Lapierre has considerable heritage in the cycling industry, having been producing bikes since 1946. There is also a well estabilished history in the pro-peloton, with the Dijon-based brand sponsoring the FDJ.fr pro team.
The French team, riding French bikes enjoyed one of its most successful seasons in 2014, with 28 victories, including: three stage wins and best sprinter at the Giro d’Italia, third overall and best young rider in the Tour de France, and two stage wins at the Vuelta a Espana.
The partnership with FDJ.fr goes beyond just supplying team bikes – Lapierre tells us that the professional riders have significant input in the specification, design and testing process. For 2016 Lapierre has updated the wind-defying Aircode and completely redesigned their climbing bike, the Xelius. The bikes now have simplified naming too, with each number corresponding to a Shimano groupset.
- 700 = Ultegra Di2
- 600 = Ultegra
- 500 = 105
- 300 = Tiagra
- 200 = Sora
- 100 = Claris
Lapierre also offer custom specifications, in what is called their ‘Ultimate’ builds. To get an idea of where the bikes sit against each other, their relative attributes are in the graphic below.
The Aircode SL
For 2016 Lapierre has updated its aerobike, the Aircode, with the updated version being called the Aircode SL. Lapierre claims to have lowered the weight on what was already a light aerobike, with the Aircode SL frame and fork weighing 90g and 20g lighter respectively (for a size medium ~54cm).
Despite the weight loss, Lapierre claims that the new Aircode still retains the same stiffness as the previous model. How has this been achieved? By reducing the length of carbon layers in the seat tube, having fewer layers inside the head tube and using some higher modulous carbon in key areas.
Similar to the Merida Reacto, the Aircode SL features ‘Kamm tail’ tube profiles, essentially an aerofoil wing profile with the trailing edge cut off. This is said to offer better behaviour in lateral wind conditions owing to less of a vortex created when compared to a classic trailing edge. In addition it offers a superior ratio for stiffness weight and aerodynamics.
The Aircode SL was actually secretly ridden and tested by Thibaut Pinot in the 2014 Tour de France.
The Xelius SL
The Xelius SL is a completely new frame for 2016 and is the French brand’s climbing bike, designed for the demands of mountainous terrain. The keen eyed amongst you may have spotted Alexandre Geniez riding the Xelius SL to ninth place overall in the 2015 Giro d’Italia, prior to its official release. With a claimed weight of 850g for the frame in a size medium (~54), it is not as light as the Trek Emonda SLR, Cervelo R5 or Merida Scultura 9000, but remains respectable.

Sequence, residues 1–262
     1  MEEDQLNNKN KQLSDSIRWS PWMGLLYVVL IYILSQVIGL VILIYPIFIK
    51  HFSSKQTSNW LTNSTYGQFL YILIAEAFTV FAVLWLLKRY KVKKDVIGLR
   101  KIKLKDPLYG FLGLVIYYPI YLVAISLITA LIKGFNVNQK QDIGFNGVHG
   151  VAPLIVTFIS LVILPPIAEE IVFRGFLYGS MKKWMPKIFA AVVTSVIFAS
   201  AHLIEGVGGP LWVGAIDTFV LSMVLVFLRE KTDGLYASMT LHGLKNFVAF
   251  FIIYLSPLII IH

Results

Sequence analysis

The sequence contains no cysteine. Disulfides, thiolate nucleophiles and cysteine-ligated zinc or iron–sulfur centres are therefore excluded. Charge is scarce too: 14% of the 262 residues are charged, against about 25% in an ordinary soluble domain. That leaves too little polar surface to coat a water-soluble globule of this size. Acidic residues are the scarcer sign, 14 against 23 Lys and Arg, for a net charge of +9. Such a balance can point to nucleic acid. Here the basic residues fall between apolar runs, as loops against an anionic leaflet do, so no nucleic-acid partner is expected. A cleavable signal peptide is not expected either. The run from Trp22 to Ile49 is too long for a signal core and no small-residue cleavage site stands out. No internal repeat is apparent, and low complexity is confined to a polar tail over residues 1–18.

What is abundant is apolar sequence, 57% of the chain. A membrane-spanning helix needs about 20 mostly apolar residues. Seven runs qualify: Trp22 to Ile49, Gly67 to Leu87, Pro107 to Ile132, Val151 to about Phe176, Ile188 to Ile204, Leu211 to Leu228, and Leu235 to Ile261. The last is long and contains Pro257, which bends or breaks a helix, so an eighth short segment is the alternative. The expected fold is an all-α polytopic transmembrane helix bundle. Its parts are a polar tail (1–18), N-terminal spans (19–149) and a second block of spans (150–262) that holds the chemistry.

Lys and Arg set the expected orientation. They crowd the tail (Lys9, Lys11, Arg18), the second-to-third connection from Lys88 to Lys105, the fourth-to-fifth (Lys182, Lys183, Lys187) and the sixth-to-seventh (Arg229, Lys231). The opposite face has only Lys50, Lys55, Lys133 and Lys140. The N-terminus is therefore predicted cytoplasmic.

Where this bike differs from the competition, is that there has been a huge emphasis placed on the frame’s centre of gravity and how this can be designed to optimise handling.
By keeping the top tube as light as possible and concentrating the mass in the lower portion of the frame, Lapierre claims to have a bike which feels more responsive in corners and is better suited to out of the saddle efforts, where the rider typically levers the bike from side to side. It makes sense, so we look forward to seeing how it performs.
Other innovation comes in the form of the Shimano Di2 battery, which is in the down tube, just above the bottom bracket. This placement contributes to lowering the centre of gravity, but also aids maintenance. It is made possible by a feature Lapierre is calling the ‘Trap Door’ – an easily removed plastic cover adjacent to the bottom bracket.
The Xelius SL features a distinctive rear triangle. Rather than using a traditional design, Lapierre has attached the seatstays to the top tube, instead of the seat tube. This reduces weight in the rear triangle and also increases comfort, by permitting some flex at the rear end.
To further improve responsiveness and handling Lapierre has also shortened the wheelbase on the Xelius to 405mm, down from 408mm on the previous model.
Other details include an integrated seat post clamp, internal cable routing and a 27.2mm diameter seat post, which is designed to strike a balance between weight and comfort.
For the cobbles of Paris-Roubaix, FDJ.fr riders turn to the shock-absorbing Lapierre Pulsium, with its vibration dampening elastomer ring, located at the top tube-seat tube junction. For 2016 the Pulsium will be available in new colour schemes and will come with new and updated Mavic wheels, with wider rim profiles.
The Sensium is Lapierre’s endurance road bike, ideal for long rides and less aggressive riding positions. The new models were not on show, but Lapierre told us that there will be two disc brake versions and two women’s specific versions in the offing for 2016.
We look forward to getting our hands on the new bikes once they are fully available, so we can fully test them. Prices are yet to be confirmed for the new models, but in the meantime, for more information head over to Lapierre.